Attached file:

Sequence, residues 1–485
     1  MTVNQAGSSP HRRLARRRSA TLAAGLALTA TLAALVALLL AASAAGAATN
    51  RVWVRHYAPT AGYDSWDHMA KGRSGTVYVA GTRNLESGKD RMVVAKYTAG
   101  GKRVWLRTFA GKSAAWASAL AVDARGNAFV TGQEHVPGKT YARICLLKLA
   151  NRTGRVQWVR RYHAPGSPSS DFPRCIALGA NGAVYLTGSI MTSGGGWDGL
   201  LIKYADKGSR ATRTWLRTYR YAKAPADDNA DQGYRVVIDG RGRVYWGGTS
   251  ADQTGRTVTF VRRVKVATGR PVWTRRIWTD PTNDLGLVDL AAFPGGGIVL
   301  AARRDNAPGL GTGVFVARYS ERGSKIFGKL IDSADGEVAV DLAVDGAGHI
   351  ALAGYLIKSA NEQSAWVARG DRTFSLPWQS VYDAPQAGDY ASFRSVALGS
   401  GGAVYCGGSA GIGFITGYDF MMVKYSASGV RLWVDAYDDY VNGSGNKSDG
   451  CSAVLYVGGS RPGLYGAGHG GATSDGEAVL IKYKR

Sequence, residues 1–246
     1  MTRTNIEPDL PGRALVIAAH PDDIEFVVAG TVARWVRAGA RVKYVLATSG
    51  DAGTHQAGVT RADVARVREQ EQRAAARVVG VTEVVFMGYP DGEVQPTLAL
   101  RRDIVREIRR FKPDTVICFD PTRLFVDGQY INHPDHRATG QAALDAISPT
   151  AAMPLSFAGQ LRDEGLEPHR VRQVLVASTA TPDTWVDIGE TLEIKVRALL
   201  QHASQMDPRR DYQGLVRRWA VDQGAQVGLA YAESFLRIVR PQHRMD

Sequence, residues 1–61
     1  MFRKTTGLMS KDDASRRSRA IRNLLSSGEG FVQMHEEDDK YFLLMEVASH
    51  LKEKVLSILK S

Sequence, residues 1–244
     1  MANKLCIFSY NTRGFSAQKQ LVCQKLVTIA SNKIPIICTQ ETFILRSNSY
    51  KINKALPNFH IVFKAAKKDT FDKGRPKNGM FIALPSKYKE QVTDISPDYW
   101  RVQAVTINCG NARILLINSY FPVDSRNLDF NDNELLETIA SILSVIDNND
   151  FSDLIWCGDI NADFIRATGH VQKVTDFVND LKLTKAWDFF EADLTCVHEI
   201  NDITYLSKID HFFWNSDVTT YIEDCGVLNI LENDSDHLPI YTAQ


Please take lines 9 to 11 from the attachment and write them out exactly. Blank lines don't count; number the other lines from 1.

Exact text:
   351  ALAGYLIKSA NEQSAWVARG DRTFSLPWQS VYDAPQAGDY ASFRSVALGS
   401  GGAVYCGGSA GIGFITGYDF MMVKYSASGV RLWVDAYDDY VNGSGNKSDG
   451  CSAVLYVGGS RPGLYGAGHG GATSDGEAVL IKYKR